19 August 2021, Singapore – The Rare Disease Fund (RDF) today received a pledge of $6.7 million from businessman and philanthropist, Tan Sri Datuk Dr Chen Lip Keong. With this donation, the RDF can now extend its support to patients with the rare disease of Mucopolysaccharidosis type VI (MPS VI)*. The cheque was presented to RDF Committee Chairperson, Laura Hwang, at a ceremony witnessed by Professor Alex Sia, CEO of KK Women’s and Children’s Hospital (KKH). With the Government’s 3:1 co-matching of the funds raised, a total of $26.8 million will be added to the RDF.
Mrs Hwang said, “On behalf of the RDF, I would like to thank Tan Sri Dr Chen for this generous gift. With this donation, which is a marvellous launch of our 2021 fund-raising, RDF will be able to add MPS VI* to its list of supported conditions.”
“Lifelong medications to treat Rare Diseases are expensive and can cost up to hundreds and thousands of dollars each year for a patient. Donations to the RDF will build a funding model that is sustainable for the long term, so that we can assure qualified patients of our continued support for them. We hope that Tan Sri Dr Chen’s transformative donation will encourage other generous contributions from the public so that new conditions and medications can be added to benefit even more patients,” added Mrs Hwang.
A medical doctor in his early career, Tan Sri Dr Chen shares RDF’s vision for a caring and inclusive society where the community and government partner to help patients with rare diseases. His donation will be disbursed over five years.
Tan Sri Dr Chen said, “For each country where we operate in, I believe kindness works both ways. To be kind to the host nation, money made from the society must return to the community in some form. Singapore has one of the best healthcare and social security systems, if not the best in Asia Pacific.”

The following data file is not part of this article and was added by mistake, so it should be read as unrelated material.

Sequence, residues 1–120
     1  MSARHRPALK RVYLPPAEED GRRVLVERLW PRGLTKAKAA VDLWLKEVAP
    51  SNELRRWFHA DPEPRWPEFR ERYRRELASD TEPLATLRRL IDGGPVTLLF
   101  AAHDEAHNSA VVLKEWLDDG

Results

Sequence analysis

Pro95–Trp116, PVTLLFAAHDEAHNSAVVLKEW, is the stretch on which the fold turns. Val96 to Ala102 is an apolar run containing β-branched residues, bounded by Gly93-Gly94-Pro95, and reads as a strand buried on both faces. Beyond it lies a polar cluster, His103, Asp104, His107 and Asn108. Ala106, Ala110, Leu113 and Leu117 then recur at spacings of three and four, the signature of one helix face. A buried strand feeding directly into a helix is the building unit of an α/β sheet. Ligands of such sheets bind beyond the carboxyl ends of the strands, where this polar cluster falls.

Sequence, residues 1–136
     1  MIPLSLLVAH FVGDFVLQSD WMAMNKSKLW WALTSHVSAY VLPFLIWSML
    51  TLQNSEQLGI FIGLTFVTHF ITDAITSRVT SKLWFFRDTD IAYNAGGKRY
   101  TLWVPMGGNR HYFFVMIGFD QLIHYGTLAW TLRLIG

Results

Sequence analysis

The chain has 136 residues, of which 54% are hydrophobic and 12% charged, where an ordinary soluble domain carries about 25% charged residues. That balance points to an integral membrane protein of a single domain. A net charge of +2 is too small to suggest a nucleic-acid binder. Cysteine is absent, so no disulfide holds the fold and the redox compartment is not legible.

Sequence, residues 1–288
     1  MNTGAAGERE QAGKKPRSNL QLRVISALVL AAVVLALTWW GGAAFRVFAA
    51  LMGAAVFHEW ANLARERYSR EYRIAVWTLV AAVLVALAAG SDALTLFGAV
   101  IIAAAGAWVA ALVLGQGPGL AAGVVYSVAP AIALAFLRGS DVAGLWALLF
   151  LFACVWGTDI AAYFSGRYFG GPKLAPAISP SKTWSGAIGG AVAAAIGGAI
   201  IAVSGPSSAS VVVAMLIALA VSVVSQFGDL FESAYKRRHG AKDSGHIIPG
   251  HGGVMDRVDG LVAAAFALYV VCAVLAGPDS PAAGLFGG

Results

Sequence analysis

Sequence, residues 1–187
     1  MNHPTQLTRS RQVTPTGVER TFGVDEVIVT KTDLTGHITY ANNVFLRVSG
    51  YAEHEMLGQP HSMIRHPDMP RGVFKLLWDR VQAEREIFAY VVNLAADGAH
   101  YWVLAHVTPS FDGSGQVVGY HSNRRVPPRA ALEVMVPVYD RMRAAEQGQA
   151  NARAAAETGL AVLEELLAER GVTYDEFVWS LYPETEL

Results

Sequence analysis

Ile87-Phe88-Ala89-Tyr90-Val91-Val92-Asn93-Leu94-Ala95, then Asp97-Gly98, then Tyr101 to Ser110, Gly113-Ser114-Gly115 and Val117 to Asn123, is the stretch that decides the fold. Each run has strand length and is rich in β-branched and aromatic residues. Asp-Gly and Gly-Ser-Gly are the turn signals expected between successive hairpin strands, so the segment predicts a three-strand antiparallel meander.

The RDF currently supports five conditions including MPS VI*, with seven medications. Most rare and severe genetic conditions are diagnosed in very young children. Therapies applied early can substantially extend the child’s lifespan and improve his or her quality of life.
RDF Supported Conditions
Based on funds raised to date, the following lists medicines supported under the RDF for conditions that generally present with symptoms in childhood. As more funds are raised, the RDF can be expanded to cover more medicines or rare conditions.
About Mucopolysaccharidosis type VI (MPS VI)
MPS VI is a rare genetic lysosomal storage disorder characterised by complete or partial lack of enzyme activity for arylsulfatase B (also called N-acetylgalactosamine-4-sulfatase), leading to the accumulation of complex carbohydrates called glycosaminoglycans (GAG) in the body. This results in progressive damage to body cells, tissues, and organs. Today, only three children and one adult are known to have MPS VI locally.
MPS VI typically presents in childhood and can cause some patients to experience few clinical manifestations while others have life-threatening complications. Most patients will have normal intellectual development but will develop serious complications irrespective of whether they have rapidly or slowly progressive form of MPS VI.
Rapidly progressive MPS VI is associated with an onset of symptoms before three years of age. Affected individuals may develop walking problems by the age of 10 and experience delayed or no puberty. They are usually at risk of heart failure into their 20s or 30s. Slowly progressive MPS VI presents with later onset of symptoms, and usually diagnosed from five years of age and into adulthood. Despite a slower progression, individuals may still experience a decrease in overall function and physical ability by late adolescence.
Without treatment, severely affected individuals may survive till late childhood or adolescence. Those with milder MPS VI usually live into adulthood with shortened life expectancy. Galsulfase is designed to replace the natural enzyme which MPS VI patients lack to transiently restore enzyme activity, reduce clinical manifestations and improve symptoms.
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